Defense lawyers aren't told what evidence is classified, need the prosecution's approval to call witnesses, and have to defend their clients in a commission that may have been unlawfully influenced by senior U.S. officials hungry for a conviction, they told the Guantanamo court on Friday.
Those were just some of the many frustrations defense attorneys expressed at the military commission hearings in the case of September 11 terrorist attacks this week at Guantanamo Bay. Other concerns were whether the U.S. Constitution applies at Guantanamo and whether the government can classify the memories and experiences of the five accused men and thereby silence them.
James Connell, a lawyer for Ammar al-Baluchi, one of the five men accused of plotting the September 11 attacks, on Friday insisted he doesn't know how to handle information pertaining to his client because the government won't explain what's classified. He could be prosecuted for mishandling classified evidence, he said, so "I treat everything at the highest classification level and drive my IT folks crazy." It also makes it extremely difficult for him to prepare his case. Connell said the National Security Agency created a document specifically explaining the classification of evidence in military commissions, but the government has refused to provide it to the defense. "It stuns me that no one will give us this information," he said.
Prosecutors at the hearing claimed they're just following the rules, although the chief prosecutor, General Mark Martins, has repeatedly emphasized the importance of "transparency" in these "reformed" military commissions.
The defense request "is not relevant as a matter of law," Joanna Baltes, a Justice Department lawyer for the prosecution, told the court on Friday. "The defense is required to treat classified information as classified. If the government marks it classified, that's the end of the inquiry."
As for the defense complaint that it needs approval of the prosecution to call witnesses, "There must be some material showing that what's requested has material relevance before the government has to provide it. The defense can't just claim it's relevant and expect to get it."
The government, on the other hand, does not need to tell the defense what government witnesses will say or seek defense attorneys' approval to interview them. There's no comparable requirement in a federal court that defense counsel seek approval from prosecutors to call witnesses, either.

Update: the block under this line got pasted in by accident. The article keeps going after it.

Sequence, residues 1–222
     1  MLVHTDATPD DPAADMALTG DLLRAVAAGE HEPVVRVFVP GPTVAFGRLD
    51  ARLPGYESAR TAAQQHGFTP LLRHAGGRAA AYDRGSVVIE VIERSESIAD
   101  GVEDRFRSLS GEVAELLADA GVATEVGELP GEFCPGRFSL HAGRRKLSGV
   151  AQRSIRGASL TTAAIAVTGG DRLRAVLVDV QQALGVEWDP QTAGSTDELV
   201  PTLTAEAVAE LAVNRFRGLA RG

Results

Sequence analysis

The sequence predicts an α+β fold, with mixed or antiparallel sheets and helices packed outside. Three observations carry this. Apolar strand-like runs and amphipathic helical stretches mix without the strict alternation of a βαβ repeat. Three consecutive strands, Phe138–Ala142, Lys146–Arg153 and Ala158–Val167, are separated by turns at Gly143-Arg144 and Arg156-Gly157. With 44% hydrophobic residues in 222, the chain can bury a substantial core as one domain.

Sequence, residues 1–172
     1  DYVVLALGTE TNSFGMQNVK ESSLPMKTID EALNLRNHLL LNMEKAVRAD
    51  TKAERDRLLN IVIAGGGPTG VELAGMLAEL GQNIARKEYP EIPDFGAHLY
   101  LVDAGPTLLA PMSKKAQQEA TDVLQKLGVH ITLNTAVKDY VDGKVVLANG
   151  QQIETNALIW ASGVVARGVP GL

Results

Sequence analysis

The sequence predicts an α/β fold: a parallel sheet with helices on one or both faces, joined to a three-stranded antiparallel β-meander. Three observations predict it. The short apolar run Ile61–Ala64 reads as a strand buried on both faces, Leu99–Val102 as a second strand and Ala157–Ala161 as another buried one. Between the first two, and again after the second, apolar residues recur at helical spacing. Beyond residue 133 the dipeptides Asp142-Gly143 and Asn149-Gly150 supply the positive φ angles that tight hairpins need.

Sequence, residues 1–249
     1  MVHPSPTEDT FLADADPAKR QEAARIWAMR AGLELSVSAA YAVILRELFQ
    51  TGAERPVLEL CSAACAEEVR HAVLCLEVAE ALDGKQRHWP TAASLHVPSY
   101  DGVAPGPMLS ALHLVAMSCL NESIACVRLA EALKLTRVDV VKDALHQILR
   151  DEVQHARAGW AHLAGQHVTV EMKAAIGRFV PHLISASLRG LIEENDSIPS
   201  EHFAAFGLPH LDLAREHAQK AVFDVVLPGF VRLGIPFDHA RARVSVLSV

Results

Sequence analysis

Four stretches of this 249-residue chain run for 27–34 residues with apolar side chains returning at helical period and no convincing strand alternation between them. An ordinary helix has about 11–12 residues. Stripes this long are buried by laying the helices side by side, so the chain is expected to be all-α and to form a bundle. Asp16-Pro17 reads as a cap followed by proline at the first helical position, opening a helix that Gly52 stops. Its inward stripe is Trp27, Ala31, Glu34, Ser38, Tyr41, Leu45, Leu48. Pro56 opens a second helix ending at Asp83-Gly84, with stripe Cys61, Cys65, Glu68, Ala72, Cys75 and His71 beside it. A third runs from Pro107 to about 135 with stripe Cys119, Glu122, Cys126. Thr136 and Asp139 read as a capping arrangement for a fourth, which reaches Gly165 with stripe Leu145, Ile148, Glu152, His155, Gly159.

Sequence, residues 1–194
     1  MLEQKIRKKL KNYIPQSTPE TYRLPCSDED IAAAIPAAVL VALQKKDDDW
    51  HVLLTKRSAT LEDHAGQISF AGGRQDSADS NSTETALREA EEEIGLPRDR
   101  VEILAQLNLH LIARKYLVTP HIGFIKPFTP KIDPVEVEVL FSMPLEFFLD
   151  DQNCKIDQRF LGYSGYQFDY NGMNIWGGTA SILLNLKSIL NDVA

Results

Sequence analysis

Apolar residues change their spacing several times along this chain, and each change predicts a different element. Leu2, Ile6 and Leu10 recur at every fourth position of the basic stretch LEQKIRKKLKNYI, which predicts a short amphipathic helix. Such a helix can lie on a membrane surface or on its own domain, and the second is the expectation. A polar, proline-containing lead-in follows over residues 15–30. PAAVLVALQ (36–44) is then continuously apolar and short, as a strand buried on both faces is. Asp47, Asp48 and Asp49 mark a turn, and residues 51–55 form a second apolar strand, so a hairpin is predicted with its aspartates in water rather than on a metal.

Finally, the judge heard arguments on Friday over whether the military commission case against these men in the most notorious murder trial in U.S. history has been tainted by intense political pressure from senior government officials. Defense lawyers list nearly 30 pages worth of public statements from senior officials, including the president, defense secretary, attorney general and senators, between 2001 and 2011, who have made public statements assuming the men's guilt and eventual conviction. Did those officials influence the military commissions, created expressly to try alleged terrorists accused of involvement in the 9/11 attacks? And can the commission now, after a decade's worth of public assumptions of guilt, provide a fair trial?
Eleven years into the case, the commission is just starting to consider what evidence the lawyers are entitled to obtain in order to delve into some of these questions and prepare for trial. Answering those questions is an excruciatingly slow process in part because the military commission rules are so unclear and there's little or no precedent interpreting them. But what evidence is made available to the lawyers and can be produced at trial is critical to the fairness of the case.
"This may be the most important case for the United States to be trying in a very long time, maybe ever," Cheryl Bormann, a lawyer for Walid bin Attash, said during the hearing on Friday, adding: "There are serious questions about the legitimacy of these hearings."
The military judge, James Pohl, is under tremendous pressure to rule on these issues fairly. So far, he's made very few rulings, and none on the most important issues argued this week. He may issue some rulings in the coming weeks, and plans to re-convene the hearings in early December.
Still, despite the Judge's best efforts, no amount of careful deliberation can fix the inherent problems of the military commission system itself.